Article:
One of the few self-portraits by German painter Max Beckmann (1884-1950) will be auctioned by the German auction house Grisebach in Berlin on Dec. 1. The artist, who lived through the two world wars, is known as one of the most influential artists of the time.
“Selbstbildnis gelb-rosa” is a self-portrait painted in 1943 and has been privately owned since its creation. Beckmann took refuge in Holland during World War II to flee Nazi Germany and the self-portrait was painted during this period of exile. It is known that the artist gifted the painting to his wife, Quappi.
“For a work of such importance to come onto the art market is a major event, not to mention a once-in-a-lifetime opportunity for collectors and museums all over the world,” said Bernd Schultz, a senior partner at Grisebach, in a press statement.
Past auctions of works by Max Beckmann at Grisebach have fetched top prices, such as “Agypterin” which sold for 5.5 million euros ($5.64 million) in 2018. This remains the highest winning bid ever obtained at an auction for a painting in Germany, according to the auction house.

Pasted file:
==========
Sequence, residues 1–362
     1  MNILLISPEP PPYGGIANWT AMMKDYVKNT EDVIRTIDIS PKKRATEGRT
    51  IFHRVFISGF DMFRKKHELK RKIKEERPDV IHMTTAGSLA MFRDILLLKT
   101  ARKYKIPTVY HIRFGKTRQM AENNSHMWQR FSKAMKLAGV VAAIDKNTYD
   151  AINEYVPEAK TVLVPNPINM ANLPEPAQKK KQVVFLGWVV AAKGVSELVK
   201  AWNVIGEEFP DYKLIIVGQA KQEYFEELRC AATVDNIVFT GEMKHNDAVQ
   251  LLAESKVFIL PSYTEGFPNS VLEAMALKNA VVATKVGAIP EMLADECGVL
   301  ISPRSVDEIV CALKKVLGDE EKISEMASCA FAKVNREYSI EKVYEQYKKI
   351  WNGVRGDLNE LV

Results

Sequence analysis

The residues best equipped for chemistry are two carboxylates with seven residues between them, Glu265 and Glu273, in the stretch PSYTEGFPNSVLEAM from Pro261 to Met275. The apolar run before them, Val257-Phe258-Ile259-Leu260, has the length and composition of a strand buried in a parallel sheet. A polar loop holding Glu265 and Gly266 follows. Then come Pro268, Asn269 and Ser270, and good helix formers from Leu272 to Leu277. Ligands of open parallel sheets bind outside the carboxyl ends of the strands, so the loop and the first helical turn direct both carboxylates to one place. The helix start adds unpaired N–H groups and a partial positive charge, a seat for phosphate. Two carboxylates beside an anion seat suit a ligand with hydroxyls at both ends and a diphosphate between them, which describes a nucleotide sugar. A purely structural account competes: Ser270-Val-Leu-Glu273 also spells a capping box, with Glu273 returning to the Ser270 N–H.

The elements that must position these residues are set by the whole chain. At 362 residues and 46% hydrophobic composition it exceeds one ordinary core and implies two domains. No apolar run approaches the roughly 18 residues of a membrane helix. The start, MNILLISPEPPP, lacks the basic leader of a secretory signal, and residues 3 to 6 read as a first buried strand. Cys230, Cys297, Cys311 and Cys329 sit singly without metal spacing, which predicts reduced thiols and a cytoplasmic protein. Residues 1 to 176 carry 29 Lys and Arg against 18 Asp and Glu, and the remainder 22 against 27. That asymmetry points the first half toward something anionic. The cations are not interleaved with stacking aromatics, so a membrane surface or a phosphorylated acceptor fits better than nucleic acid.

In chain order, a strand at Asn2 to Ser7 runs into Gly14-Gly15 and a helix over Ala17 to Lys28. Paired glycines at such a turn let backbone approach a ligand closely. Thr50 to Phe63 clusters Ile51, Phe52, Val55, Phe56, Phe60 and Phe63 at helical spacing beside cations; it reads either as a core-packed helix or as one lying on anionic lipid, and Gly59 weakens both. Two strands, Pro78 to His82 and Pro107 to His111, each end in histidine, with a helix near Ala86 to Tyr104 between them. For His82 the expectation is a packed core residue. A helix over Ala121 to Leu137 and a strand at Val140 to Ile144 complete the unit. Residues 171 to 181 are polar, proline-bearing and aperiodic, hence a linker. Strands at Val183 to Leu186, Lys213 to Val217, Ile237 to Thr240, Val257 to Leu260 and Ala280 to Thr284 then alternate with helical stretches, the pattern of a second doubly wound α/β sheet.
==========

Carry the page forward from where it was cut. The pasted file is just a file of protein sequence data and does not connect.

In the painting “Selbstbildnis gelb-rosa,” Beckmann's arms are crossed and his face wears a subtle smile. It is as if the painting demonstrates the inner state of the artist during these perilous times. The artist may seem like a Buddhist monk in some ways. Here, Beckmann eschews his usual somber hues and paints himself in surprisingly bright colors.
The artist died in New York in 1950.
The painting “Selbstbildnis gelb-rosa” will be shown in Berlin at Grisebach from Nov. 23 to 30 and will go on the block at 6 p.m. on Dec. 1 as the highlight of the winter auctions.